Marion Bartoli smiles after winning her 2013 Wimbledon title.
A British commentator's remarks about Marion Bartoli's looks reflect the reality of the WTA's ongoing "beauty pageant."
Bartoli was still celebrating her win at 2013 Wimbledon when BBC presenter John Inverdale made disparaging comments about her looks.
The Guardian quoted Inverdale as saying "Do you think Bartoli's dad told her when she was little: 'You're never going to be a looker, you'll never be a Sharapova, so you have to be scrappy and fight'?".
The comment was ridiculous considering Bartoli is nearly three years older than Maria Sharapova. So it's unlikely Bartoli's father was comparing the two. Besides, only a cruel father would tell his daughter she was “never going to be a looker."
Otherwise, Inverdale aired publicly what many tennis fans were discussing privately. In fact the Daily Mail included several Twitter comments in which trolls called Bartoli “too fat” or not pretty enough.
Former CIA officer Valarie Plame wondered, via Twitter, if such comments would have been made about a male champion.
The backlash against Inverdale is understandable. But is it fair?
Can we ignore the obvious advantages that come with being "a looker" in women's tennis?
Plame is correct. We don't ever hear comments about Andy Murray's receding hairline and five o'clock shadow.
Unfortunately, the WTA and its players have played a role in creating this double standard.
The WTA tries to walk a fine line between promoting prettiness and championing athleticism. It’s the same delicate balance that many women in sports struggle with.
Can you sell sex appeal while demanding equality and professionalism?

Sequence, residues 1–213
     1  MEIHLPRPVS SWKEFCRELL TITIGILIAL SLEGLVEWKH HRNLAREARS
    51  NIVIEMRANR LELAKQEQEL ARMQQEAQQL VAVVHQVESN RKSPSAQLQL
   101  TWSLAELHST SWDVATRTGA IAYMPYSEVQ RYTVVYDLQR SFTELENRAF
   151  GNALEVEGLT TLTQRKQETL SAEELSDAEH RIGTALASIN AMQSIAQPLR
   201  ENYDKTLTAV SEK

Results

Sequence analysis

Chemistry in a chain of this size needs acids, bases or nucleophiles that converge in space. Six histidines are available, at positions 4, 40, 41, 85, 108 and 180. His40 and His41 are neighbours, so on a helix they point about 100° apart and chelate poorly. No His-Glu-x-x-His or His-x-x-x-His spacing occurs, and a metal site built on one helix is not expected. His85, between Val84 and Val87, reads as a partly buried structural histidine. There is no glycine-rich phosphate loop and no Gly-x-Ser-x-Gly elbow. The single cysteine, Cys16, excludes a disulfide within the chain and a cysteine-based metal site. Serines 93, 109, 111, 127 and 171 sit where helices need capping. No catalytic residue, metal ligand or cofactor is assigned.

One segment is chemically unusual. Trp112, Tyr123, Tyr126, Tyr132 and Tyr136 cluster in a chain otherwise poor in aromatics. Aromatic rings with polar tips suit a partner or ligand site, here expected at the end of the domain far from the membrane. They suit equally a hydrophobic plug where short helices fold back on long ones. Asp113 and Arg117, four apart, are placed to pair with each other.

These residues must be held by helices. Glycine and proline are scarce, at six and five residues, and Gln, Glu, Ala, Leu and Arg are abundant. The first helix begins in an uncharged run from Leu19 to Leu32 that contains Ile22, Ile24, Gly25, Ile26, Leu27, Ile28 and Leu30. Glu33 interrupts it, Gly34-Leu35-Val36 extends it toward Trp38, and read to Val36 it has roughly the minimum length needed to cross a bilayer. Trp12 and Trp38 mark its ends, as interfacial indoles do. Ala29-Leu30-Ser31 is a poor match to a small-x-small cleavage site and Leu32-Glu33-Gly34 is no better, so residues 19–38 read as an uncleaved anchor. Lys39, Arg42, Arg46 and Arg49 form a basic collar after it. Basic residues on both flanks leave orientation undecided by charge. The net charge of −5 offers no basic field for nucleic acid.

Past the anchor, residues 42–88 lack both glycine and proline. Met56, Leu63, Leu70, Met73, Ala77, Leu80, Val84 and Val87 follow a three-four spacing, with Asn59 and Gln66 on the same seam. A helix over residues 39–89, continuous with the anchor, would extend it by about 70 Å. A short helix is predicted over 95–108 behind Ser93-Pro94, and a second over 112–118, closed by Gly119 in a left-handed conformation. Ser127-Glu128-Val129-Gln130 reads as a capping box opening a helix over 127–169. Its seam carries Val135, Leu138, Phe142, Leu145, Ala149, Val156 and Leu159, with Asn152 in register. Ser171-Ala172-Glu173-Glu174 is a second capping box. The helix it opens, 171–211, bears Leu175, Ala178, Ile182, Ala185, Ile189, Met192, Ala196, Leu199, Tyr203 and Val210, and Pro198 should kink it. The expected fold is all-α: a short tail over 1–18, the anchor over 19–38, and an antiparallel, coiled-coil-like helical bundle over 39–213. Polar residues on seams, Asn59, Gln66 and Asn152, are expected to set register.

We know female sportscasters aren’t allowed to have beer guts or bald heads. However, how many male sportscasters could get away with delivering the news in tank tops or mini-skirts?
You ever notice how female sideline reporters are dressed down and the men remain dressed up?
Women, we can’t have it both ways.
If we are going to attack every broadcaster who utters sexist remarks, shouldn’t we also slam Michelle Beadle for routinely wearing thigh-high outfits on the air?
The truth is, what Inverdale said, while harsh and inappropriate, just reflects the reality of the role looks play when it comes to women in sports.
Anyone who follows the WTA can see that today's players are wearing makeup and bedazzled finger nails during competition.
When Victoria Azarenka injured herself in the first round at Wimbledon, she began to cry. You could see the mascara smudges around her eyes.
Meanwhile, the WTA, which champions its fight for equal prize money, has been running a "Strong is Beautiful" campaign.
Instead of images of female athletes battling on the court, the WTA campaign features players "glammed up" and air brushed.
The players are wearing silky and sequin dresses with glitter flying off their rackets. They look like they are on their way to a dance club instead of a tennis court.
That's how the WTA chose to showcase its talent.
During its 40th anniversary campaign, no player was featured across the banner of the WTA's website more than Sharapova.
There's nothing wrong with female athletes wanting to look glamorous. You can be strong and beautiful.
But if looks are rewarded, promoted and appreciated above accomplishments, why get bent out of shape over comments like Inverdale's?
What Inverdale said was rude and crude.
Yes, he was being sexist, focusing on Bartoli's looks instead of her achievement.
He was insensitive, maybe even mean.
But, he was keeping it real.